[quote]Obviously, you have no grasp of the historical situation. The USSR's war-making potential did not decline after Barbarossa, it increased. With the aid the Soviets began to receive, and the ramp-up in their own productive capacity. What you do not seem to understand is that the US, though technically neutral, was already throwing the weight of it's productive capacity behind the Western Allies.[/quote]1- The warmaking capacity of the USSR declined after Barbarossa.
Take a look at that:Soviet Industrial Production 1940-1945
2- Lend-Lease did not influence the war before 1943 (source: The Handbook of the Eastern Front).
[quote]Again, a non-sequiter; occupied Europe's combined GDP is irrelevant as Germany was unable to take immediate advantage of the productive capacity of occupied Europe.[/quote]
No. Germany did tax the occupied Europe's.
[quote]In any case, you are leaving out the GDP of the British Commonwealth.[/quote]
I am only showing that the material superiority of the western allies is not that great.
[quote]The numbers you pick and choose are meaningless unless you are comparing them on a consistent basis, a concept you seem to have trouble with.[/quote]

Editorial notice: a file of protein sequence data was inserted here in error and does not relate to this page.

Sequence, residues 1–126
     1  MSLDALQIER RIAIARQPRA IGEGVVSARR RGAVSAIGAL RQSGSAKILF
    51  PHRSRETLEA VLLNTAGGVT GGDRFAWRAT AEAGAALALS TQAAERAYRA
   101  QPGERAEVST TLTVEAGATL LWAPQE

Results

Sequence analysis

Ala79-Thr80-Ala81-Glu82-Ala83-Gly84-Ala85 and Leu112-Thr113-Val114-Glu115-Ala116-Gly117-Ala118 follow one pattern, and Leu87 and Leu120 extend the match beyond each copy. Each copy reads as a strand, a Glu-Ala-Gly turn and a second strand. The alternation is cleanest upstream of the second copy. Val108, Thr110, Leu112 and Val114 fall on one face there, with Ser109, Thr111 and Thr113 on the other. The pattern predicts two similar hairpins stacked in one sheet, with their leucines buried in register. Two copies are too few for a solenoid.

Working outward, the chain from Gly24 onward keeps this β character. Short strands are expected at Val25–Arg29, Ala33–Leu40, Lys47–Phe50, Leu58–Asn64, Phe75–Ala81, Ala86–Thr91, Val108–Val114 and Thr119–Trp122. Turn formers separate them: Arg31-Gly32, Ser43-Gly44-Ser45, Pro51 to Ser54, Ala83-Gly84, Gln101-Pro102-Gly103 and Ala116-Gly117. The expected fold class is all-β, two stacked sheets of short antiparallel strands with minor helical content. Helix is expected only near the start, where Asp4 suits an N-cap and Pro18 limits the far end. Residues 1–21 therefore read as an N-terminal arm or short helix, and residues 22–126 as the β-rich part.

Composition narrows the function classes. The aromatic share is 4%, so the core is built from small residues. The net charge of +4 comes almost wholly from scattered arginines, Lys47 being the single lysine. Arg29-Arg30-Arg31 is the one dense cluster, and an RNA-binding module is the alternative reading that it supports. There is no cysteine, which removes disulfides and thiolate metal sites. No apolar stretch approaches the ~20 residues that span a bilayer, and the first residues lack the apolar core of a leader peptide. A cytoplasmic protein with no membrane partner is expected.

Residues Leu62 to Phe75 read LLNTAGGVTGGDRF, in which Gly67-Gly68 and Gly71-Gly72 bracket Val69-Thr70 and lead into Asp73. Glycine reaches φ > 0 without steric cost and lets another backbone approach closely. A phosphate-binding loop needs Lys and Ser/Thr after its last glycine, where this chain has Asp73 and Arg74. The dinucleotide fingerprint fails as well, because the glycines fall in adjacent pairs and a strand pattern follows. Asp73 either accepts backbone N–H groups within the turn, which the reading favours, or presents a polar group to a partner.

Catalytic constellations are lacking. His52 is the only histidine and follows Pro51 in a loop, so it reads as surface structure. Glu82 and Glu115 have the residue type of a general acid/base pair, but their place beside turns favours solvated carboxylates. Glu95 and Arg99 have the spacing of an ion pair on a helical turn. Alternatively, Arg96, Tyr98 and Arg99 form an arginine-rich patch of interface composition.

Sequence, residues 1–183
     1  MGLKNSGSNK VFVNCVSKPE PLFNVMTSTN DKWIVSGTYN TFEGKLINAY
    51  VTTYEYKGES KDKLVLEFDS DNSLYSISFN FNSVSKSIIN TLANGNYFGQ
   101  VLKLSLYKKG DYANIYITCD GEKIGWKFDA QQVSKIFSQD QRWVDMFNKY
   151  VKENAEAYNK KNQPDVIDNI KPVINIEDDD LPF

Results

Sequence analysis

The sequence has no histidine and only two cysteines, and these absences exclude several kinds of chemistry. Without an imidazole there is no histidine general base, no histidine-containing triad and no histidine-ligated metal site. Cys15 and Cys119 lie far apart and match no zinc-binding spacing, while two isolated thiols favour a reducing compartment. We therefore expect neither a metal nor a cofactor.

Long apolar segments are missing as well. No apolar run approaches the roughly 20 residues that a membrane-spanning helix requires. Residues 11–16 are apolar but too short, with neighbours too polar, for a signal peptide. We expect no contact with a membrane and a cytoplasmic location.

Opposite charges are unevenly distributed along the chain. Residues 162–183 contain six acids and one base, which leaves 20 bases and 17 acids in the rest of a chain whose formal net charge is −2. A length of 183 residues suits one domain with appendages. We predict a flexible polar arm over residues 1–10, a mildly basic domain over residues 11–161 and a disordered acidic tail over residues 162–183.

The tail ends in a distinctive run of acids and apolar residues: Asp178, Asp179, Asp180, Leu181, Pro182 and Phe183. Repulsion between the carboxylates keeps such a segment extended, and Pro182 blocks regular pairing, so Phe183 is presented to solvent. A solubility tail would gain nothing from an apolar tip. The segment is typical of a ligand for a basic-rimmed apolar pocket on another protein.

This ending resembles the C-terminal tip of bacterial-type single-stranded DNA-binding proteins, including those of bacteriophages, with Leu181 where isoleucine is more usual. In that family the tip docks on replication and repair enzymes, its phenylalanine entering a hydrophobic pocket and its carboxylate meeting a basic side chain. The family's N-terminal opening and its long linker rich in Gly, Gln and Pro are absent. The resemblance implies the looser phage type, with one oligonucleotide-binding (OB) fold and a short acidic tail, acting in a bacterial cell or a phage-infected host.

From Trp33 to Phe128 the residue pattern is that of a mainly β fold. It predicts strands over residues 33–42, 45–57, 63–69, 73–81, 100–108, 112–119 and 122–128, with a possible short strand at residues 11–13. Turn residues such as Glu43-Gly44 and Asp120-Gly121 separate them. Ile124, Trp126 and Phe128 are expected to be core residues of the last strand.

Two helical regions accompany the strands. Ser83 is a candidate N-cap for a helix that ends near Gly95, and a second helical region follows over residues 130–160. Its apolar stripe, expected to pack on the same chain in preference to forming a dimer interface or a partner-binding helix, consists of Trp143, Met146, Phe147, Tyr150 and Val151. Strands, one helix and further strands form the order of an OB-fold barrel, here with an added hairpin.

Maybe it is you that does not understand what I am saying.
[quote]No problem. I refer you to "The Rise and Fall of The Great Powers"
by Paul Kennedy. In that book he lists a table showing that the US had 41.7% of the world's war-making potential in 1937. The only significant war-making potential held by any European countries was Germany with 14.4%, France with 4.2%, and Italy with 2.5%. Britain is excluded because it became an ally of the US, and The Soviet Union is also excluded because, in this scenario, it remained neutral. That's a total of 21.1% for Europe and 41.7% for the US, a ratio, in favor of the US, of 2.02:1.[/quote]
1- Considering that Belgium, Netherlands, Luxembourg, Denmark, Norway, Austria, Slovakia, Hungary, Finland, Czech Republic and other countries are not included, and considering that Germany's increased her warmaking potential between 1937 and 1943 (source: war and economy in the third reich, the economics of WW2), that figure you cite is worth nothing.
2- Second to the book, the economics of WW2, the total product of Axis Europe was 1.07 trillion, while the US had 800 billion and UK had 280 billion.
The entire British empire had ~550 billion.